2. Reach out. If you feel lonely or isolated, seek out community, religious or other social events. They can offer support and companionship. Volunteering your time to help others also is a good way to lift your spirits and broaden your friendships.
  3. Be realistic. The holidays don’t have to be perfect or just like last year. As families change and grow, traditions and rituals often change as well. Choose a few to hold on to, and be open to creating new ones. For example, if your adult children can’t come to your house, find new ways to celebrate together, such as sharing pictures, emails or videos.
  4. Set aside differences. Try to accept family members and friends as they are, even if they don’t live up to all of your expectations. Set aside grievances until a more appropriate time for discussion. And be understanding if others get upset or distressed when something goes awry. Chances are they’re feeling the effects of holiday stress and depression, too.
  5. Stick to a budget. Before you go gift and food shopping, decide how much money you can afford to spend. Then stick to your budget. Don’t try to buy happiness with an avalanche of gifts.

Try these alternatives:

    • Donate to a charity in someone’s name.
    • Give homemade gifts.
    • Start a family gift exchange.
  1. Plan ahead. Set aside specific days for shopping, baking, visiting friends and other activities. Plan your menus and then make your shopping list. That’ll help prevent last-minute scrambling to buy forgotten ingredients. And make sure to line up help for party prep and cleanup.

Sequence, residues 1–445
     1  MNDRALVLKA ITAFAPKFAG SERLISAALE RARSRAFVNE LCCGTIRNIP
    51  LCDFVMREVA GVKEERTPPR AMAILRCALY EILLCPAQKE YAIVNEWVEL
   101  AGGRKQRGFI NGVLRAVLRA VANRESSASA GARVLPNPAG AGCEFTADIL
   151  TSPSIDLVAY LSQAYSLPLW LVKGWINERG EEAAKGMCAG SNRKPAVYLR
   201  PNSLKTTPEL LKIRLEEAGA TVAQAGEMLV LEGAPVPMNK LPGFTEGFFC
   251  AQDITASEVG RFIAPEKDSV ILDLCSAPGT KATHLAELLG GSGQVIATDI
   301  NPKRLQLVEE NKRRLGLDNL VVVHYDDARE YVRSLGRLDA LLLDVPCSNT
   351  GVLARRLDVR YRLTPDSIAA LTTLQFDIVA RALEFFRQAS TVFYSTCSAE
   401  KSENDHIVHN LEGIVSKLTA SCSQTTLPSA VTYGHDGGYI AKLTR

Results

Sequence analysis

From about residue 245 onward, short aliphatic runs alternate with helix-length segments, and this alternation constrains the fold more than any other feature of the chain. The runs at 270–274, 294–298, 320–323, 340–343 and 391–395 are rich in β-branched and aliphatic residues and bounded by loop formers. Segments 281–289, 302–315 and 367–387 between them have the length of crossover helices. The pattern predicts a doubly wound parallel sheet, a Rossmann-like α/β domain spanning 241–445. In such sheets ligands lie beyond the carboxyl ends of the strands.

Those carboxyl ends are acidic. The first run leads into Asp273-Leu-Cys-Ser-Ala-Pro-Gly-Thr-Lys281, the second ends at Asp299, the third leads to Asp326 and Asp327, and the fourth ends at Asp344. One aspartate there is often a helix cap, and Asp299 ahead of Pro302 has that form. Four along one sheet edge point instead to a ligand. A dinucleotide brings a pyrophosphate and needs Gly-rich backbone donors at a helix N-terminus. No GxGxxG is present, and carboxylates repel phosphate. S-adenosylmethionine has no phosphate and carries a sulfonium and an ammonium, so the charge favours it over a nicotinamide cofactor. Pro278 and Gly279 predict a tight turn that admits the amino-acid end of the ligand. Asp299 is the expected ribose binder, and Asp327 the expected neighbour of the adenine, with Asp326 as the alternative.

2. Learn to say no. Saying yes when you should say no can leave you feeling resentful and overwhelmed. Friends and colleagues will understand if you can’t participate in every project or activity. If it’s not possible to say no when your boss asks you to work overtime, try to remove something else from your agenda to make up for the lost time.
  3. Don’t abandon healthy habits. Don’t let the holidays become a free-for-all. Overindulgence only adds to your stress and guilt.

Try these suggestions:

    • Have a healthy snack before holiday parties so that you don’t go overboard on sweets, cheese or drinks.
    • Get plenty of sleep.
    • Incorporate regular physical activity into each day.
  1. Take a breather. Make some time for yourself. Spending just 15 minutes alone, without distractions, may refresh you enough to handle everything you need to do. Find something that reduces stress by clearing your mind, slowing your breathing and restoring inner calm.

Some options may include:

    • Taking a walk at night and stargazing.
    • Listening to soothing music.
    • Getting a massage. (We can help you with this if you are in Boquete)
    • Reading a book.
  1. Seek professional help if you need it. Despite your best efforts, you may find yourself feeling persistently sad or anxious, plagued by physical complaints, unable to sleep, irritable and hopeless, and unable to face routine chores. If these feelings last for a while, talk to your doctor or a mental health professional. (Did you know that Manzar Lari is a certified Life Coach and offers a free half hour initial consultation?)
  • Take control of the holidays

Don’t let the holidays become something you dread. Instead, take steps to prevent the stress and depression that can descend during the holidays. Learn to recognize your holiday triggers, such as financial pressures or personal demands, so you can combat them before they lead to a meltdown. With a little planning and some positive thinking, you can find peace and joy during the holidays.

  1. Catch a Plane (My personal favorite and added to the list by me)

Get on a plane and come down and spend the holidays, or any other time of year at Casa de Montaña Bed and Breakfast!





Macho, Macho Men: A tale of two men in Boquete, Panama.

Blog by Terry Richmeier